This is my one year old self in my dad's arms. 1958, 10 Newfield Square, Craigbank, Glasgow, Scotland

This is my one year old self in my dad’s arms. 1958, 10 Newfield Square, Craigbank, Glasgow, Scotland

I have thought a lot about Su Leslie’s blog in which she talked about how invisible she might be to future generations.  Su realised while researching her family history that she, herself, would be quite difficult to find due to her lack of official paperwork.  It made me think about what my great-great grandchildren could find out about me.  Having worked through all the “evidence” of my life – birth certificate, Australian Citizenship papers, passports, marriage and divorce papers and so on, I felt comfortable that I would be one of the easier ancestors to follow.

It wasn’t until my friend’s father passed away recently and I read his eulogy that I realised, of course,  that finding relevant “evidence” of someone’s life is not the whole story.   The eulogy gave a brief story his life with a chronological report of his birth, school, employment, marriage, children and so on until his death.  But he was more than a series of dates and paperwork and his eulogy reflected this.  There were lots of little stories about funny times, sad times, important occasions and so on.  Yes, there were the facts but there was also a reflection of the person he was, his achievements, the mark he left on the world: “the meat on the bones” as my friend, Lorraine, likes to call it.

There could be gaps in my life.   My husband could tell lots of stories about the person he knew; my children would have plenty to say I am sure and my friends could add lots of meat to my bones – that is assuming they all outlive me and still have their minds in working order!  There would be evidence of people who are important to me and fun I have had – from photographs around our house and on my Facebook page.   I have a couple of friends in Scotland who knew me in my teenage years, a few who met me when I first came to Australia in my early twenties; people who became friends when I moved to Western Australia in my early thirties; some I met through my work and children in my mid thirties; those I met through my second husband in my forties; and others who have recently come to know me since moving house in my fifties.  The gap comes from birth to sixteen.  I am estranged from my birth family and so that time is empty except in my own mind.  I don’t even have many photos to show for that time.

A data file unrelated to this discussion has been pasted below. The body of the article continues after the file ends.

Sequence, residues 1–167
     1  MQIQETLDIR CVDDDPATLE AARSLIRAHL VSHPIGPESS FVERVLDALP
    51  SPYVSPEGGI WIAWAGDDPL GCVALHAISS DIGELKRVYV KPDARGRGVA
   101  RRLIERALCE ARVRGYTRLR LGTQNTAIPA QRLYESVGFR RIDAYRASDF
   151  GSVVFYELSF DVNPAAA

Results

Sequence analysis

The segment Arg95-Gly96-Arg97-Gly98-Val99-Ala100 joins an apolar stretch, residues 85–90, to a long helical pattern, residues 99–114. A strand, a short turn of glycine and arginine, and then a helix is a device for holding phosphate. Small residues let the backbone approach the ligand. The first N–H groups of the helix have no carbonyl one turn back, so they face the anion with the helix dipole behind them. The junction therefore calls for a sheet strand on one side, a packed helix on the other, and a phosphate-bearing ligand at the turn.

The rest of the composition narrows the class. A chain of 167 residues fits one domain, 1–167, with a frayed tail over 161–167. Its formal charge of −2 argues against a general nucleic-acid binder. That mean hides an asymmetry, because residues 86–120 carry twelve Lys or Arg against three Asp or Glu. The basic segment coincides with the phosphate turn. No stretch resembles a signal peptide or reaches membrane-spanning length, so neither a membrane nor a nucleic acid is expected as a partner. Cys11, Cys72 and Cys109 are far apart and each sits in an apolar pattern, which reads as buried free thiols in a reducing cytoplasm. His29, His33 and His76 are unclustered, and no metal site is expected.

More and more I am coming to see that the family tree is not only about putting names and dates on the branches but about finding out as much as we can about each person – putting meat on the bones and putting blood in the veins.  It is exciting to find out little details of their lives but we are left putting the pieces of the jigsaw together and imagining what kind of people they were.

So, the legacy I can leave my own children, grandchildren and great-grandchildren is to write down my stories and organise my photos.  A friend has suggested a few times that I should make a scrapbook album just about me.  Perhaps I will add that to my very long bucket list!  After all, knowing I was born in Glasgow, moved to Australia, married twice, had two children and three step-children says something about me but certainly does not tell the whole story.

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